From the minute you get engaged to even several months into being a newlywed, you’re exposed to wedding traditions galore. Some you may be familiar with (very, if you’ve been in/to a lot of weddings) and others that may have slipped your mind completely (because you were distracted by other important matters of business like designing an acceptable seating chart or negotiating with vendors).
Case in point: When my fiance (whoops!) husband and I were on our way back from the airport after getting hitched earlier this month, one of my brilliant colleagues said I had to make him carry me over the threshold when we got home. So funny. I hadn’t even thought of that. And being the history geek that I am, I proceeded to Google it to find out where the seemingly sweet tradition came from. Let me tell you — I probably shouldn’t have.
Here, that and six other wedding traditions’surprising origins that may make you see them in a whole new light. Read more on The Stir…
I’ve had a boyfriend for four years and we’re not engaged. I know. But we like it that way for now. Seriously.
To me, getting married is not something that a person should do when she has to call her mother multiple times a day for various reasons including, “I was too scared to kill a bug so I just drowned it in Raid. Will I get cancer now?” Marriage doesn’t seem appropriate for someone who is continually moving the same 20 dollars from checking to savings.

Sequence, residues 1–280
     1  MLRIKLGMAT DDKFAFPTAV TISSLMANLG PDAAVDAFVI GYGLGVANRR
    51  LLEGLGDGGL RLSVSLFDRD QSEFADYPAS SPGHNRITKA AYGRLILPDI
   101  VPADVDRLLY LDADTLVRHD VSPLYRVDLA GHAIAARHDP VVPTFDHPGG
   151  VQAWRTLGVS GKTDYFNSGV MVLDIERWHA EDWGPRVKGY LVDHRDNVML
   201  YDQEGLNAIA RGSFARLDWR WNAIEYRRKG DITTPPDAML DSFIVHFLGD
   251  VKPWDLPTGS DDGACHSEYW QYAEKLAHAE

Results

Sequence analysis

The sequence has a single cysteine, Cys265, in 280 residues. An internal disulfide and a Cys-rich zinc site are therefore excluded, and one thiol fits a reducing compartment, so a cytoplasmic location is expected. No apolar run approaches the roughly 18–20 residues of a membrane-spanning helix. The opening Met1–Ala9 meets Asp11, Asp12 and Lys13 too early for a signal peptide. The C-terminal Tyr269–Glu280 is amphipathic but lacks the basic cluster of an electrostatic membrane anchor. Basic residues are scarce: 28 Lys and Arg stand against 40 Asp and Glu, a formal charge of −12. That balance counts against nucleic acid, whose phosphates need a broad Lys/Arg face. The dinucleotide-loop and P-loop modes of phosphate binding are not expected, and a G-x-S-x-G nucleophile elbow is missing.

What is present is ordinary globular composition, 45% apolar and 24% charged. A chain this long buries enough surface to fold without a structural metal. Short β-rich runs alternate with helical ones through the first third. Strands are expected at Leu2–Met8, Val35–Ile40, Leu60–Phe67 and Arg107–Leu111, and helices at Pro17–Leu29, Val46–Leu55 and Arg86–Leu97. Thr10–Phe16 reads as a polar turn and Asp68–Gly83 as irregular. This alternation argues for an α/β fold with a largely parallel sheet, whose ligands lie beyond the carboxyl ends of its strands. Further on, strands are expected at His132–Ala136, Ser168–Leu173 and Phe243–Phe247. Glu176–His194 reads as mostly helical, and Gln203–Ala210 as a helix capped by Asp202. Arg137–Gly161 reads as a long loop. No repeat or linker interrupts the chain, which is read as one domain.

As a wife, you can’t regularly experience existential crises like I do. In my mind, marriage is for more worldly people, people who have settled down in life. Because after you say “I do” comes the purchase of a house and the arrival of children. And quite frankly, I’m not comfortable with that. I openly admit it: I am not ready to get married. Now is not the time to tie the knot.
However, the lack of a princess cut or pear-shaped diamond on my hand seems to prove upsetting to those who know me. The amount of times per day that I am questioned about my relationship status is becoming rather alarming. During a recent trip to my dentist, the hygienist immediately grabbed my hand, and then let out an audible sigh. I was unsure whether I should apologize or just smile and walk away. Instead, upon further questioning, I blurted out, “No ring. Just some dry skin.” That seemed to put an end to the conversation. Keep reading »
Here’s a twist on polygamy for you. A Saudi woman told her fiancé that she would marry him on the condition that he would also marry her two best friends, who happened to be her coworkers at the school she taught at. At first the man thought it was a joke, but the woman was dead serious and she refused to get hitched unless he agreed to the offer.
“He realized that she was not joking when she insisted on her demand … after mediation efforts by relatives, he agreed to marry the three school teachers,” reported the Saudi Arabic language daily Alyoum in a report from the western town of Taif. After the man wed the three friends, he rented them all their own apartments and the husband takes turns rotating between their places. According to the report, the arrangement has not spoiled their friendship and they still spend a lot of time at each other’s places hanging out and doing housework. No word on when their reality show, “My Three Brides,” is set to air. Keep reading »
With a divorce rate hovering around 50 percent, a figure I see very clearly in my personal life, it’s easy to see why so many people think the current model of marriage is dead. Clearly, this “’til death do us part” stuff isn’t working for a whole lot of people and something has to give. After all, why do so few marriages really make it over the long haul?
Writer Emma Johnson discusses this in her latest blog post on Wealthy Single Mommy. She says marriage is dead and we need a new model. In particular, we need a 10-year contract that we can either renew or discard depending on how the marriage is working. Read more on The Stir…